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What should we ask a prospective IT Support Provider?

Blog, Business, Business Value

With over 15 years experience in the UK IT industry, we know there are a number of providers out there offering a range of services for your business. Finding the right one for you can be a daunting task.

Here are 10 questions to ask a prospective IT Support provider to aid your search.

The services they offer can vary dramatically. It’s important when looking to outsource or switch from your current provider, to ask the right questions so you can get a clear understanding of what you’re signing up for and how they will help your business grow.

Facts based questions will tell you what’s included in a contract, what’s extra and what they do and don’t provide. But the more touchy feely based ones will help you gauge the kind of business and people you will be working with, helping you assess whether you’re a good fit for each other.

1. How can you support us?

There are a number of different ways that IT Support companies deliver their services to their clients so it’s important that you choose a service that meets your individual business needs.

Here’s some of the terminology to held you understand how potential prospects work.

Pay as you go / Break Fix

This is generally where you pay an hourly rate for support as and when you need it.  If this is what you’re looking for then make sure you ask what the hourly rate is and if there are any minimum charges.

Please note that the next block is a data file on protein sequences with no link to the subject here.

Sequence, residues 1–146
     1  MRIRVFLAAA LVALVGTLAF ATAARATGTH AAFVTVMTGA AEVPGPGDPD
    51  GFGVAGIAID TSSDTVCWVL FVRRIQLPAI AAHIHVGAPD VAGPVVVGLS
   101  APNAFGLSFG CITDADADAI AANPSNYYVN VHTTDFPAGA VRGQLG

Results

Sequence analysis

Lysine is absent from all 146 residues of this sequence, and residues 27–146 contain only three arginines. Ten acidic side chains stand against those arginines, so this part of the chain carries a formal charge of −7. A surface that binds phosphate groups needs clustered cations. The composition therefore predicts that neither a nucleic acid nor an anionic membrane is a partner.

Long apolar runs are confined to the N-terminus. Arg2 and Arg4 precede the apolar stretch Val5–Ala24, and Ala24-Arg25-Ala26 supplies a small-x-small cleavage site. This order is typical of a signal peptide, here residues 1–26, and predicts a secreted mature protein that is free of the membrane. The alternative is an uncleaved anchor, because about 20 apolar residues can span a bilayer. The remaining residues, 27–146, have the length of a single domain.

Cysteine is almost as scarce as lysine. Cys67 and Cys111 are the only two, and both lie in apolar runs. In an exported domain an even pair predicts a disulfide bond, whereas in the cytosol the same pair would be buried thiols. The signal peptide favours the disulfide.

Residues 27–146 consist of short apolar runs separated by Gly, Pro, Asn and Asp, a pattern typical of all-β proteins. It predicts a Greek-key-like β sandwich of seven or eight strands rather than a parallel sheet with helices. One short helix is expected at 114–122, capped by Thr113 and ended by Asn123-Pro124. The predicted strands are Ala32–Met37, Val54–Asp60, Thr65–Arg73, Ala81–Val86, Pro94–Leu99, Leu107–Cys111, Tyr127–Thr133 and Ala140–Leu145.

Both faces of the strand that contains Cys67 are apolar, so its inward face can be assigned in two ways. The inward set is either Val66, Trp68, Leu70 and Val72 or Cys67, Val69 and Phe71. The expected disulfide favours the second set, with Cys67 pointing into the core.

Its important to remember that although you may save money by only paying for work carried out, you could find that any more complex issues that take a number of hours to resolve could mean you incur a sizeable invoice.

Block Hours

This is where you buy a block of hours, normally 10 or 20 at a discounted rate and essentially use them as and when you need them over a period of time. Make sure you check the block rate,  how long do you have to use them, are they automatically renewed and what they cover?

Monthly Support Contract

This is where you pay a monthly fee for daily IT support. This tends to be the most popular approach for businesses. You and your teams will normally have access to a service help desk that you can contact whenever you have an issue. As you are paying a fixed monthly amount, you will have engineers on hand as and when you need them and for however long it takes to fix an issue without incurring any additional fees.

It is important to clarify the times that this service is available though;

  • 24/7
  • 9am -6pm
  • Monday-Friday
  • Monday-Sunday

It’s also important to find out what is included in a support contract. Start with the basics, like helpdesk, but also ask about any network monitoring, or anti-spam too.

2. What’s not included?

Once you have established how they work and what the service includes, you should find out what isn’t included such as;

3. How much is it going to cost and how will we be charged?

It seems an obvious question but don’t forget to ask.

It is unlikely that a prospective provider will tell you then and there how much everything will cost. It’s standard to draw up a proposal based on the elements you’v discussed in the meeting.

However, it’s good to get a general feel for the potential costs involved, how they are broken down as well as payment terms. Will you be invoiced monthly, quarterly, and will they require any upfront payments if you decide to employ their services.